I love, love, love telling stories! Oral story telling helps give older children a model of a basic framework for narratives (e.g., each story has a beginning, a middle, usually with a problem to solve, then an ending that solves the problem). For young babies, listening to the story being told using infant-directed speech helps them learn the patterns of sounds and words in language. Tell a story about something that has happened to you, or make up one of your own using your kids as characters. The more creative, the more fun!
9. Rhyme time (3 – 5 yrs)
Choose a word to start with, then take turns going around and find words that rhyme with it. They can be real words or made up words. In fact the silly words are usually the most fun!
10. Syllable clapping (3 – 5 yrs)
So simple, but so fun! Choose words and clap their syllables. The game gets more challenging the longer the words are so start simple and then increase the difficulty for older kids. This game is fun when you use names of familiar people, favourite characters or silly, made up words. This is a fantastic and easy way to practice an early literacy skill where kids begin to learn to manipulate sounds in words.
11. Categories (3 – 6 yrs)
I love this game for developing vocabulary skills and enhancing word finding abilities. Choose a topic (e.g., the farm, things that crawl, vehicles, soft things, etc.), then see how many items you can come up with that are associated with that category. Make it more fun by including familiar people or characters from your kids favourite shows.
12. Find things that start with… (4 – 6 yrs)
Being able to identify the beginning sounds in words is an important early literacy skill. In this game each person takes a turn choosing a letter sound. Then everyone has to look outside, or around the car, to find things that start with that sound. To make it a little easier for younger children, they can just come up with any word they want that starts with that sound, even if it is a made-up, silly word (which is always more fun).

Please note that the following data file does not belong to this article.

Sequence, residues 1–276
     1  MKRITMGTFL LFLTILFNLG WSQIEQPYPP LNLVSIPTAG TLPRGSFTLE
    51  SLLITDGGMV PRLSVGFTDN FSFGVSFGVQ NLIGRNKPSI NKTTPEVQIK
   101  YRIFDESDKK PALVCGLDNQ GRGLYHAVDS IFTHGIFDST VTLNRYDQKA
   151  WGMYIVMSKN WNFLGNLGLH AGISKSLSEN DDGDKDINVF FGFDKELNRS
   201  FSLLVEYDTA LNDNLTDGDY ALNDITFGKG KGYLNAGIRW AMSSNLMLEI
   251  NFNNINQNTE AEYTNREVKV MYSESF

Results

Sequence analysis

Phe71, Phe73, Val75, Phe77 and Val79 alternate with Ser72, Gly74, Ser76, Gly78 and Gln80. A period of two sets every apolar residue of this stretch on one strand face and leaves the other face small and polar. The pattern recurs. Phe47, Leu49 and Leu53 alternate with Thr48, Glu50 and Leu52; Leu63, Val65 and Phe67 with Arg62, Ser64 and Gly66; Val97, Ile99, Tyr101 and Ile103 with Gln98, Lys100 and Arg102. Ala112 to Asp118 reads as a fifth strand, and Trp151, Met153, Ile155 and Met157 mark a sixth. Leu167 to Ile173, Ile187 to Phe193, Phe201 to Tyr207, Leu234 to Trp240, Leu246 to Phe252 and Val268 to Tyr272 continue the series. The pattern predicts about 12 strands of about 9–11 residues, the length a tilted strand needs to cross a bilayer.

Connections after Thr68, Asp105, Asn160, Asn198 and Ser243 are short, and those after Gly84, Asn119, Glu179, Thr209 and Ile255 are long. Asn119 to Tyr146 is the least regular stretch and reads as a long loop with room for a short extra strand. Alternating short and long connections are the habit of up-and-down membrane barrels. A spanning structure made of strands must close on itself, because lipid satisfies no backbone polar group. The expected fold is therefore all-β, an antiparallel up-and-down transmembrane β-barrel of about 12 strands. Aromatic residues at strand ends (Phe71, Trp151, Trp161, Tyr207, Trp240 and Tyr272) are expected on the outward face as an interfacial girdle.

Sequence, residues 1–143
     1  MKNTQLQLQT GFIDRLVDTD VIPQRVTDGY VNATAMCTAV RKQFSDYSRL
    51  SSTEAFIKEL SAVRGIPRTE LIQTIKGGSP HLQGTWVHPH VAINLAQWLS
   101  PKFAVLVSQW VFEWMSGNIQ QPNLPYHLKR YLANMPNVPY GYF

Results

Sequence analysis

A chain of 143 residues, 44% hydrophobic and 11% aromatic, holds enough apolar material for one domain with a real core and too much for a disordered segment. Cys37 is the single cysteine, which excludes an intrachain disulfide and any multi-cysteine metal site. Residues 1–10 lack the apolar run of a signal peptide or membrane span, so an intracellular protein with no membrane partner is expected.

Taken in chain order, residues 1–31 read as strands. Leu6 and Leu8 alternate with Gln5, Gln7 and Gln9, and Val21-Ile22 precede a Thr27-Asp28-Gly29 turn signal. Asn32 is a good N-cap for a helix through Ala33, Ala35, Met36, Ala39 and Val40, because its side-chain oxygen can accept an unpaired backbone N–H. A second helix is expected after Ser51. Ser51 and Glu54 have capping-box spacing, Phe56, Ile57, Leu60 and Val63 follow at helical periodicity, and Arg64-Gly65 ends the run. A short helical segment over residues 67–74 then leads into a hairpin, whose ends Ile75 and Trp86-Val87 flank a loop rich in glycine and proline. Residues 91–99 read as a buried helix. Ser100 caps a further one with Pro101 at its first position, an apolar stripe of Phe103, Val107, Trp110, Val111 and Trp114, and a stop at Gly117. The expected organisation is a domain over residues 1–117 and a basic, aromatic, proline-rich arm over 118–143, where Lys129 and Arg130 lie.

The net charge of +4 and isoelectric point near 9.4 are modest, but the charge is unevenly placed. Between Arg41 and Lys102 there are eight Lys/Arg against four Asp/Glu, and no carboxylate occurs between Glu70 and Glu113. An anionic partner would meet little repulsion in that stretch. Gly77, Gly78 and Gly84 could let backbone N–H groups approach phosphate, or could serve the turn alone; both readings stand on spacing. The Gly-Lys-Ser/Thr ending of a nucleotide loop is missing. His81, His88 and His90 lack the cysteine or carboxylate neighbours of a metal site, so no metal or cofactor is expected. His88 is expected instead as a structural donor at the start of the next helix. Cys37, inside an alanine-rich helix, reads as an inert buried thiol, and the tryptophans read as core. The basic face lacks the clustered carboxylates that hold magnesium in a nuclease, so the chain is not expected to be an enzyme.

13. Imitate each other (6 mths – 1 yr)
The car is a perfect chance to have a little bit of extra quiet and give babies the opportunity to make their own noises, sounds or practice babbling. Research tells us that babies love imitation and will be more likely to repeat a sound or noise again during this context. So next time you’re driving turn the music down and be quiet. Wait for your baby to make a noise or sound then imitate them and see if they will join in a back-and-forth game with you. The more a baby makes noises and sounds the more practice they have getting ready to say words!
14. What’s the opposite? (3 – 6 yrs)
This is a great game to help develop vocabulary skills, as well as concept knowledge. Take turns choosing a word and the rest of the group has to find it’s opposite. For younger children make the words simple (e.g., on/off, long/short, hot/cold, etc.). For older children make the words more complex (e.g., robust/weak, agitated/calm, exhausted/energized, etc.).
15. First to find a….. (2 – 6 yrs)
I love this game to encourage the use of descriptive words. Take a look out the window and see who can be first to find something with a specific attribute. For example, “who can find something dirty?” or “who can find something shiny?” or “who can find something tall”, etc.. Make the descriptive words more simplistic for younger children and more complicated for older ones. The more creative the better!
I would love to hear what fun language building games you are already doing with your little ones. Please share with me by commenting on this post or via social media!
Apel, K. & Masterson, J. (2012). Beyond Baby Talk: From Speaking to Spelling: A Guide to Language and Literacy Development for Parents and Caregivers.
National Literacy Trust (2011). A research review: the importance of families and the home environment. Retrieved online on September 9, 2015: http://www.literacytrust.org.uk/assets/0000/7901/Research_review-importance_of_families_and_home.pdf
Thiessen, E. Hill, E. & Saffran, J. (2005). Infant-directed speech facilitates word-segmentation. Infancy, 7(1), 53-71.
Trainor, L. & Desjardins, R. (2002). Pitch characteristics of infant-directed speech affect infants’ ability to discriminate vowels. Psychonomic Bulletin & Review, 9(2), 335-340.